(3) Departmental and professional autonomy. Being trusted to make decisions is important. For example, I sincerely appreciate that our library instruction program -- and using the word 'program' elevates what is basically a grab-bag of inadequate one-shot sessions -- does not spend class time on assessment. How about this for assessment: When the session fails, we never hear from the instructor again. When it succeeds, the instructor returns and tells friends. Thank goodness we don't have to spend 30 minutes out of a mere 50 administering a pre-test and a post-test! I'm not saying all library instruction assessment is bad -- in many cases I'm certain it makes instruction programs stronger -- but in our specific case it would be more trouble than it would be worth. For all of the top-down administrative mandates out there, I'm glad that on some level our librarians and staff can rely upon their own judgments without excessive micromanagement.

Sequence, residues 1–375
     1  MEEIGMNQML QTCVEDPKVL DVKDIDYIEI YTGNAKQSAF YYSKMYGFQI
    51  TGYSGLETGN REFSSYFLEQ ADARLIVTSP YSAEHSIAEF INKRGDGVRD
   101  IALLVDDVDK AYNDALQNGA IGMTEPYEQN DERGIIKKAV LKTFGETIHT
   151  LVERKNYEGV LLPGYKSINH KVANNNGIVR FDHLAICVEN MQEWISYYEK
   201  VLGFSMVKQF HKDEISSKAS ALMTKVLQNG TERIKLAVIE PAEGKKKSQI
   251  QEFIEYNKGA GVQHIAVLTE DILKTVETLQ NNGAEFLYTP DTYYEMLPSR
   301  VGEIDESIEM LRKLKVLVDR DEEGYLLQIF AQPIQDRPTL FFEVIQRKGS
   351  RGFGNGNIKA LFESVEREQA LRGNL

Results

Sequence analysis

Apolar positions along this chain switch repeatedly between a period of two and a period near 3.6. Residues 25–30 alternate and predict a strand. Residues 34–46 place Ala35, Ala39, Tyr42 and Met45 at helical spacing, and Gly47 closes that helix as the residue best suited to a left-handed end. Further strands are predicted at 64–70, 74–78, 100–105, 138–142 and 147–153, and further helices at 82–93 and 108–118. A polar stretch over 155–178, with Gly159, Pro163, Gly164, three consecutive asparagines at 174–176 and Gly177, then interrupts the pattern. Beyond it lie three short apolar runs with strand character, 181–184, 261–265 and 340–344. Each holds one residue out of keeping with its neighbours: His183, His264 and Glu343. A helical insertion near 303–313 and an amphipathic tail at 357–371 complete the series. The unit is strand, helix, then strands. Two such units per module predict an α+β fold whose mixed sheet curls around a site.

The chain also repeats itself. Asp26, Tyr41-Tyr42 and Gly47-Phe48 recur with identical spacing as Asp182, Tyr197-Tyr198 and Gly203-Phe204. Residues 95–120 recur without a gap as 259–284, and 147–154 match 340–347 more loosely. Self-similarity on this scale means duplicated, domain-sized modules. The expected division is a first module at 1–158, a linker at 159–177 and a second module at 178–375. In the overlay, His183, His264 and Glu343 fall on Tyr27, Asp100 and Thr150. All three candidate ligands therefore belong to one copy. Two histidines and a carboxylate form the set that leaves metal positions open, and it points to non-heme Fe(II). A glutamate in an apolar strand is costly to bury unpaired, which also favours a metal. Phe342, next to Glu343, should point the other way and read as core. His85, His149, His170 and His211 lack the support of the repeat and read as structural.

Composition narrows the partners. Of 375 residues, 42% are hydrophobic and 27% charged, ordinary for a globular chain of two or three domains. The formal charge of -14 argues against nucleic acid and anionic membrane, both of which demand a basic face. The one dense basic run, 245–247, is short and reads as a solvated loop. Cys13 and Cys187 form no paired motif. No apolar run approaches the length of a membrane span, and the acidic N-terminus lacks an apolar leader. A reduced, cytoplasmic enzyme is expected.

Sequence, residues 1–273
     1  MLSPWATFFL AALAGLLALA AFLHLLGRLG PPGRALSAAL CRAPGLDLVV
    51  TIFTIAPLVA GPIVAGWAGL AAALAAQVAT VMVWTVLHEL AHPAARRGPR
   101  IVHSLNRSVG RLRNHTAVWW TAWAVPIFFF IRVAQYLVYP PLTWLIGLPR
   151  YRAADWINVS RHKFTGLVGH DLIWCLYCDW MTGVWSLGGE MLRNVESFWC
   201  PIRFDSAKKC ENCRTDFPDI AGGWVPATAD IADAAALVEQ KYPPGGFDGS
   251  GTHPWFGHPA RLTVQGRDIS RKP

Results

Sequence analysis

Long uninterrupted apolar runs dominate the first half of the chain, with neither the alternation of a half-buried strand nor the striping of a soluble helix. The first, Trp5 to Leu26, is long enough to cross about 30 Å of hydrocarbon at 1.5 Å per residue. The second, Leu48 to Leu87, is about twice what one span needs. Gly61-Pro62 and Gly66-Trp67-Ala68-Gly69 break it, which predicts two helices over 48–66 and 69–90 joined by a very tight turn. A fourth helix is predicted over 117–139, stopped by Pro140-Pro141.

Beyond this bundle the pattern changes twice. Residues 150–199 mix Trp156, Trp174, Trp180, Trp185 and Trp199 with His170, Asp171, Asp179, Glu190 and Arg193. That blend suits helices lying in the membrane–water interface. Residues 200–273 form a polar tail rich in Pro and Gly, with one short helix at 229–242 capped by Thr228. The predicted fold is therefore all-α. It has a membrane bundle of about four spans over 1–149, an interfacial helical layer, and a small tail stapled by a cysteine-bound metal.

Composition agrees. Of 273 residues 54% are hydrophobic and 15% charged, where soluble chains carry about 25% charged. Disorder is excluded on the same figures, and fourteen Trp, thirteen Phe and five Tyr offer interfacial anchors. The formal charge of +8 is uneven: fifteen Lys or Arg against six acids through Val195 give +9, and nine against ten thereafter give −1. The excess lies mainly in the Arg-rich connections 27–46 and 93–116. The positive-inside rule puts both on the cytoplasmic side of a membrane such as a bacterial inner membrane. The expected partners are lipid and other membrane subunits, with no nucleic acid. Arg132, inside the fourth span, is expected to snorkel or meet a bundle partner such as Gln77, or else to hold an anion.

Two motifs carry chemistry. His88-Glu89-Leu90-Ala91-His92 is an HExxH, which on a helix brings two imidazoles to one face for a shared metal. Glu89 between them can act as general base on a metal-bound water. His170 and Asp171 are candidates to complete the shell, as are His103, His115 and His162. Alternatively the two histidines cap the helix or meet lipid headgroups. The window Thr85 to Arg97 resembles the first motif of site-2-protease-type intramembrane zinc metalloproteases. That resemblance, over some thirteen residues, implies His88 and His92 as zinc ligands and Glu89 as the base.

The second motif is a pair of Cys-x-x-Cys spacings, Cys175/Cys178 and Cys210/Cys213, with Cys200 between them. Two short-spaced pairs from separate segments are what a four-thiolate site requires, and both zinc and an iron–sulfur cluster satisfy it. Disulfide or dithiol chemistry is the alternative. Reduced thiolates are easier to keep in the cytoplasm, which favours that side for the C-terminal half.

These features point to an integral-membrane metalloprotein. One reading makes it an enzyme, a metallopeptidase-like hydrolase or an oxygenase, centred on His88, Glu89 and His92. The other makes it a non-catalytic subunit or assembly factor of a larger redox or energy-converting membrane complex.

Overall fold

Wednesday, December 8, 2010

Library Outreach to Students

Old wooden fencepost, in the woods

Recently, the library held a well-attended student advisory meeting. Led by a designated librarian, we all recruited students, sat them down in a conference room with an internet projector, and asked them questions about the college library. A point that came up repeatedly was that students did not know about many of the great services the library provides. Since then, I have been wondering how we could fix this.

Here are some of the obstacles:
  • There is currently no mandatory orientation to the college for incoming students. 
  • There is a constant influx of new students, and many enroll for only one semester.
  • The campus is not residential students must commute to classes.
  • The library does not have a spare staff member to devote full attention to outreach to students.
At present, when the library debuts a service or resource we try to publicize it as much as possible, but sustaining that level of energy to constant new batches of students is not feasible. Also, for many students each semester the entire library is new, and the point of a new library service is lost except on those returning.